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The Yield-Seeker's Dilemma

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Published : March 30th, 2013
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If you're looking for yield, the advice often seems black and white – either stay away from bonds to avoid the inevitable rise in interest rates, or jump right in as the Fed isn't moving rates until mid-2015. But as with many things in life, there's a gray area in between. Yes, bonds will get crushed by higher interest rates, but it's possible that alternatives could be crushed even more.

The alternatives to bonds are few and unattractive. A certificate of deposit (CD) paying below the inflation rate just isn't going to cut it. What many investors find themselves choosing seems like the next best thing: dividend-paying stocks. However, is this a solution or simply jumping from the frying pan into the fire?

Well, it depends. By entering the equity markets, you're taking on much more risk than a bond. In the Miller's Money Forever portfolio, we hold both dividend stocks and short-term bond funds to balance the risk of each. Both asset classes have considerable risks. In the case of bonds, it's interest-rate risk, as higher interest rates mean lower bond prices. In the case of equities, it's market risk. Sure, your stocks may be immune to interest-rate risk, but that won't protect one from the market if it were to crash 30% tomorrow.

When it comes to evaluating risks, bonds do have one advantage over equities: measurable risk prior to a loss. Bond funds typically list a characteristic known as "duration." In the most simplified definition, duration is the change in value of a bond for a one-percent change in interest rates. So, if a ten-year, intermediate-maturity bond fund has a duration of 6, a one-percent increase on ten-year bond rates in the market would result in a 6% decline in the value of the fund.

By understanding duration, you can plan ahead for the possibility of rising rates. One can pick either shorter-maturity bond funds or higher-yielding funds which will have a lower duration. Being able to evaluate duration is a huge advantage in assessing your risks. For example, if interest rates rise by three percent in the previous example, you can estimate a loss of 18%. What's so advantageous about knowing that?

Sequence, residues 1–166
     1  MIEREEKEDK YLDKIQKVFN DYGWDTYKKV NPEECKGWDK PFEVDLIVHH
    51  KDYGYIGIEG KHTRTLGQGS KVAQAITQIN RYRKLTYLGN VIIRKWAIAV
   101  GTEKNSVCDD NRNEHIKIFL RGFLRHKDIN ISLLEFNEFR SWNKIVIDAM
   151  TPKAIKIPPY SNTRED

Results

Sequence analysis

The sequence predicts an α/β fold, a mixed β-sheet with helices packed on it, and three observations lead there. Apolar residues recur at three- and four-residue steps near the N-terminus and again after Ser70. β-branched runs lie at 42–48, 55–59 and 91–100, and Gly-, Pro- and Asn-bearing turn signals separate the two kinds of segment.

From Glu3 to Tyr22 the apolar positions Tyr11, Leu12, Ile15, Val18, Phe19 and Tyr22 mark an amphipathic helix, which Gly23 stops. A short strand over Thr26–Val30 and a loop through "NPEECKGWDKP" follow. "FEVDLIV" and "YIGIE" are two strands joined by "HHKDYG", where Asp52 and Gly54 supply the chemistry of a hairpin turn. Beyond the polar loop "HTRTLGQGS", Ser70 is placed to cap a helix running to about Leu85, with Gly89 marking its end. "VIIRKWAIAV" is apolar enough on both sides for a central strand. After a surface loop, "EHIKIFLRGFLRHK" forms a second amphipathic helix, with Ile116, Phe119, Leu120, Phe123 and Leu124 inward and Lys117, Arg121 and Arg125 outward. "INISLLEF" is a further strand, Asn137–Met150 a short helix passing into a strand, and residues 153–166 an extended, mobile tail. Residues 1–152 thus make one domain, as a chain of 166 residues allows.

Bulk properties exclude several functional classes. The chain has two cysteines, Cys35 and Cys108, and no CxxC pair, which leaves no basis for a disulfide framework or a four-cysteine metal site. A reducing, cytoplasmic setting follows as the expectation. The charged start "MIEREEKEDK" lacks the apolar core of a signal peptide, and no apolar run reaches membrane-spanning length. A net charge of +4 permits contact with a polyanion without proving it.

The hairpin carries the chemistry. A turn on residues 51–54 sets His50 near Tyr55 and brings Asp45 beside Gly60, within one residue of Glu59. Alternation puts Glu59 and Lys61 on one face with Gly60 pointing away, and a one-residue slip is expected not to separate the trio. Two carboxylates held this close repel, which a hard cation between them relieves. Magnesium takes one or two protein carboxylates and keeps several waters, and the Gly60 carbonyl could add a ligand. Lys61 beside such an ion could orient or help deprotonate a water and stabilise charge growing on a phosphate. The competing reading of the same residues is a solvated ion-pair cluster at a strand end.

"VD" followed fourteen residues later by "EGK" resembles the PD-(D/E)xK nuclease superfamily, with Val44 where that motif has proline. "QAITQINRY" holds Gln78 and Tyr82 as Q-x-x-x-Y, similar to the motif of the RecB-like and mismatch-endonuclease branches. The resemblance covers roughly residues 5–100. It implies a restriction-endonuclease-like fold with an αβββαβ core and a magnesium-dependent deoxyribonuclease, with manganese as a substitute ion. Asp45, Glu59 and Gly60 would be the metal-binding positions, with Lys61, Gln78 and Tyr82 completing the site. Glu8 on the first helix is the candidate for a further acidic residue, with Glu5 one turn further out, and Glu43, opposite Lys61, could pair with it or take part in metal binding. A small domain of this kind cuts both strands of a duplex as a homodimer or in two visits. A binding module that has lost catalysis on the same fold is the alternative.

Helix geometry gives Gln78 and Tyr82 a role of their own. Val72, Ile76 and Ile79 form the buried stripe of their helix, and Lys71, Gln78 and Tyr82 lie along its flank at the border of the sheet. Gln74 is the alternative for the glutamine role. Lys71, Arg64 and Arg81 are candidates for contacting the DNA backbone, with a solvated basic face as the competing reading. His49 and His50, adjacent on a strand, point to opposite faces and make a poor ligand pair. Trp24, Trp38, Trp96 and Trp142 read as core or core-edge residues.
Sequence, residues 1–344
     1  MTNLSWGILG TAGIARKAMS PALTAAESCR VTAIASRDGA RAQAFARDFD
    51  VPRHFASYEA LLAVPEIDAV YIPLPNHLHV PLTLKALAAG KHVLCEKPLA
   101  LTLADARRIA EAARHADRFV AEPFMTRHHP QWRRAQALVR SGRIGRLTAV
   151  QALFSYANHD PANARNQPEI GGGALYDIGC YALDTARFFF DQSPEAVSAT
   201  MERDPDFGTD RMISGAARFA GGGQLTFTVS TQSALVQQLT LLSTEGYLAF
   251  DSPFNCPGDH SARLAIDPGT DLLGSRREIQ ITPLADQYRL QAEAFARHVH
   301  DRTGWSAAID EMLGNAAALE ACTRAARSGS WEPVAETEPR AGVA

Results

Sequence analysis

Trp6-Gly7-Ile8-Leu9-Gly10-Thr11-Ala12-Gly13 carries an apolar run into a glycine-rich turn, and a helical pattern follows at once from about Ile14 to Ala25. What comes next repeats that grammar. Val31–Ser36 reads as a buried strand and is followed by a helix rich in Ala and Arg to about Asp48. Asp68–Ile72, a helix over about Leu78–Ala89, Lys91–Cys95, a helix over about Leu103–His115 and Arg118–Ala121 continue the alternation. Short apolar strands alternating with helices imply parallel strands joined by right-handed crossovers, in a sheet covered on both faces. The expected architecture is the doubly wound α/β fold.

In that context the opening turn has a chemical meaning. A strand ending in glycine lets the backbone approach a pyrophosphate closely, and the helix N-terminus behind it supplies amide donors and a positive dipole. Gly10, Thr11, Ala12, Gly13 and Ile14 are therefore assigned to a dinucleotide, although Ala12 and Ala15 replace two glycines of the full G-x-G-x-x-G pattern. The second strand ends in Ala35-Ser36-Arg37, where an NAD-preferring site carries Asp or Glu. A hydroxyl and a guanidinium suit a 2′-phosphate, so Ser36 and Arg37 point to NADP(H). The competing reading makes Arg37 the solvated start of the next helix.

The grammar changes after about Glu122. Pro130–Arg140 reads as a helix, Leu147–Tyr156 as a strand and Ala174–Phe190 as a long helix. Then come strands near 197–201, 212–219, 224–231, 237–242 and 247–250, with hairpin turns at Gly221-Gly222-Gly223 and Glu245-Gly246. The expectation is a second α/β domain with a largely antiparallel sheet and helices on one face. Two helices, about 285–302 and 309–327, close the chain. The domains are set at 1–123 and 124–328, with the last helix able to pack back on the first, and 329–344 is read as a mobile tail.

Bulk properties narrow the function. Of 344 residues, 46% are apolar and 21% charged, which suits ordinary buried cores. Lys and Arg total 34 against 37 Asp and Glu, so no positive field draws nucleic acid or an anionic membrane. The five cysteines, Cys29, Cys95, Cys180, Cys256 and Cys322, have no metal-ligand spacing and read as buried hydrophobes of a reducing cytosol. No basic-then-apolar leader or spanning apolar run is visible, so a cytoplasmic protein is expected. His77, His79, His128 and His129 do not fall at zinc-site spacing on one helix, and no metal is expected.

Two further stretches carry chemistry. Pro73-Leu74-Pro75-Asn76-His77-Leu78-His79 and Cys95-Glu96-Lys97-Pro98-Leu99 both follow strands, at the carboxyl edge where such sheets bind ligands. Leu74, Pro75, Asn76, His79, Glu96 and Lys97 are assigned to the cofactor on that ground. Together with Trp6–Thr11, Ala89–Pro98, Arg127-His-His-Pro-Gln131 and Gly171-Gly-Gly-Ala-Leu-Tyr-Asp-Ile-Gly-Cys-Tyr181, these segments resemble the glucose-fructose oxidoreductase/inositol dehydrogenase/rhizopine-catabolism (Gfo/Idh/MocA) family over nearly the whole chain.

Consider the risk-estimation problem with the alternative – dividend-paying stocks. If there's a full-blown market crash tomorrow, how much will you lose? Even defensive stocks could lose 20%, 40%, or maybe 50% or more. If you've been dipping into riskier dividend stocks promising higher yields, you could see 70% losses... or more. The point is that your potential loss is open-ended and unknown.

So, here's the pickle for yield seekers out there. Higher rates are pretty much set to hit by mid-2015, so bonds will slowly get crushed by rising rates. But the same thing might happen to equities – who is to say the market will keep rising until mid-2015?

When someone suggests that you should exit bonds for equities in fear of rising rates, there's an unstated underlying assumption of a stable stock market for the next two years. As we pass the all-time highs on the DJIA and S&P 500, I'm getting a little nervous about that assumption. If you think that the market is slightly overvalued now, where do you see it by mid-2015?

In comparison to the potential losses on dividend equities, a bond fund losing 18% doesn't sound like such a travesty anymore – especially if you cut your losses even earlier at the first sign of higher rates. Now, this isn't to say that bonds are the way to go and you should forget about equities. Instead, the point is to realize that you're simply trading one risk for another by leaving bonds for dividend equities.